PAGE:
United States District Court, M.D. Florida, Tampa Division
ORDER GRANTING “DEFENDANT WILLIAM KRAMER &
ASSOCIATES, LLC'S RENEWED MOTION TO DISMISS THE
BARBER UNITED STATES DISTRICT JUDGE.
matter is before the Court on “Defendant William Kramer
& Associates, LLC's Renewed Motion to Dismiss the
Complaint” filed by counsel on August 6, 2019. (Doc. #
37). Plaintiff filed a response in opposition on September
10, 2019 (Doc. # 47) and Defendant filed a reply on September
30, 2019. (Doc. #51). The Court held a hearing on this matter
on November 13, 2019, and directed the parties to file
memoranda addressing several issues. See (Doc. ##
66, 68, 69). Upon review of the motion, response,
memoranda, court file, and record, the Court finds as
Evanston Insurance Company, is the successor by merger to
Essex Insurance Company (collectively
“Plaintiff”). (Doc. # 1 at ¶ 1). In June
2005, IDM Management, Inc. purchased insurance policies for a
property it owned and managed in Broward County, Florida -
The Villas at Lauderhill. (Id. at ¶¶ 6-7).
Plaintiff was one of the excess insurers on the coverage
October 2005, Hurricane Wilma struck the Florida coast and
caused substantial damage to The Villas. (Id. at
¶ 10). Plaintiff hired Defendant, William Kramer &
Associates, LLC, to investigate and adjust the claim for
hurricane damage to the property. (Id. at
¶¶ 11-12). Defendant was also hired by Aspen
Specialty Insurance Company - another insurer of the same
property - to investigate and adjust the claim. (Id.
at ¶ 13). In April 2006, Defendant sent checks for
payment under Aspen's initial coverage policy, including
one to non-party Intervest & Brodsky & Associates
(“Intervest”) - a mortgagee of the property.
(Id. at ¶¶ 14-15). However, after
Aspen's initial coverage was exhausted, Defendant did not
advise Plaintiff of Intervest's interest in the property.
(Id. at ¶ 19). As a result, Plaintiff did not
pay Intervest. (Id. at ¶ 20).
December 2010, Plaintiff was sued by Intervest because
Intervest, as a mortgagee of the property, possessed a legal
interest in Plaintiff's payments made under its policy.
(Id. at ¶ 21; Doc. # 67-1). As part of its
complaint, Intervest included a copy of the mortgage that
Defendant negligently failed to identify. (Doc. # 67-1).
However, Plaintiff claims it discovered for the first time,
on August 30, 2012, that Defendant knew about Intervest's
mortgagee status. (Doc. # 1 at ¶ 24).
October 22, 2013, Plaintiff filed a one-count negligence
complaint against Defendant in the United States District
Court for the District of Connecticut. On post-trial motion,
the Connecticut Court ruled that the claim was time-barred by
the Connecticut statute of limitations, and entered judgment
in favor of Defendant. See Essex Ins. Co. v. William
Kramer & Associates., LLC, Case No. 3:13-cv-1537,
2016 WL 3198190, at *19 (D. Conn. 2016). On June 16, 2016,
Plaintiff appealed to the United States Court of Appeals for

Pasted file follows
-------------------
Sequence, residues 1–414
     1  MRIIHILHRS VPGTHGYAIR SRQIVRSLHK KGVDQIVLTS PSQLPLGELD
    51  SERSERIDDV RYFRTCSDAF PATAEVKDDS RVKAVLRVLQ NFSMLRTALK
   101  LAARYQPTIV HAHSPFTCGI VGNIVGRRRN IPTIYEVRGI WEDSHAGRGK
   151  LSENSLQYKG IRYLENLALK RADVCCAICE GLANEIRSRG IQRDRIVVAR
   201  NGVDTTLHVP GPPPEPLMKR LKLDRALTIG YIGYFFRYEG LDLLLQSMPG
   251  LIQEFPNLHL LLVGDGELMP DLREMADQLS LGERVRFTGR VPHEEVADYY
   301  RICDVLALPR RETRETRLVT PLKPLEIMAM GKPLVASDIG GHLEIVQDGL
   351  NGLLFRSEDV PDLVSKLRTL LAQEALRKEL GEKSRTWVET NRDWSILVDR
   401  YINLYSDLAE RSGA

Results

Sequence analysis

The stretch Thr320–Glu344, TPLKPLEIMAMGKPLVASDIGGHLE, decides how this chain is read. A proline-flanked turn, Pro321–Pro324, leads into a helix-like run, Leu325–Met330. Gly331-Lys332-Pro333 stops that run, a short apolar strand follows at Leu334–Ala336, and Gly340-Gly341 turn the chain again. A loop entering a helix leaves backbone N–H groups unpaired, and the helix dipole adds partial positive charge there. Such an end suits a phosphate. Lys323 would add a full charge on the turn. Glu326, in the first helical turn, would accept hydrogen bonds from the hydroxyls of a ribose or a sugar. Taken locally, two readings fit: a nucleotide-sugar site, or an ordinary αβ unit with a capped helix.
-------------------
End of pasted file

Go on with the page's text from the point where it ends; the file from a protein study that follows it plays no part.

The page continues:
the Second Circuit. (Doc. # 37).
August 15, 2016, while the Second Circuit appeal was pending,
Plaintiff filed a nearly-identical complaint with this Court
as a back-up plan in case its appeal in the Second Circuit
was unsuccessful. (Doc. ## 1, 37-4). On December 20, 2016,
Judge Kovachevich stayed this case pending a ruling from the
Second Circuit. (Doc. # 21). On June 11, 2019, the Second
Circuit affirmed the judgment of the District of Connecticut.
Evanston Ins. Co. v. William Kramer & Associates,
LLC, 925 F.3d 604, 604 (2d Cir. 2019). On July 17, 2019,
following notice of the Second Circuit's ruling, this
case was re-opened. (Doc. # 35).
motion to dismiss for failure to state a claim tests the
legal sufficiency of a plaintiff's complaint. Fla.
Action Comm. v. Seminole Cty, 212 F.Supp.3d 1213, 1223
(M.D. Fla. 2016). At a minimum, a complaint must include
“a short and plain statement of the claim showing the
[plaintiff] is entitled to relief.” Fed.R.Civ.P. 8(a);
Bell Atlantic Corp. v. Twombly, 550 U.S. 544, 555
(2007); Am. Dental Ass'n v. Cigna Corp., 605
F.3d 1283, 1290 (11th Cir. 2010). The Court may only consider
the facial sufficiency of the complaint, must accept all
well-pleaded factual allegations as true, and is required to
interpret the complaint “in the light most favorable to
the [p]laintiff.” See Rickman v. Precisionaire,
Inc., 902 F.Supp. 232, 233 (M.D. Fla. 1995) (citing
Scheuer v. Rhodes, 416 U.S. 232, 236 (1974)). Where
it appears on the face of the complaint that a plaintiff can
prove “no set of facts in support of his claim”
that would entitle him to relief, the complaint may be
dismissed with prejudice. Conley v. Gibson, 355 U.S.
41, 45-46 (1957); see also Twombly, 550 U.S. at
a motion to dismiss “on statute of limitations grounds
is appropriate only if it is apparent from the face of the
complaint that the claim is time-barred.” Doe v.
St. John's Episcopal Parish Day Sch., 997 F.Supp.2d
1279, 1284 (M.D. Fla. 2014) (quoting Tello v. Dean Witter
Reynolds, Inc., 410 F.3d 1275, 1288 (11th Cir. 2005));
La Grasta v. First Union Sec., Inc., 358 F.3d 840,
845 (11th Cir. 2004).
argues that this case should be dismissed because it is
barred by both Connecticut's and Florida's statutes
of limitations. Plaintiff contends that the Court should
apply Florida's longer statute of limitations and find
that its claim is timely. Upon review, the Court finds that,
even if it were to apply the Florida statute of ...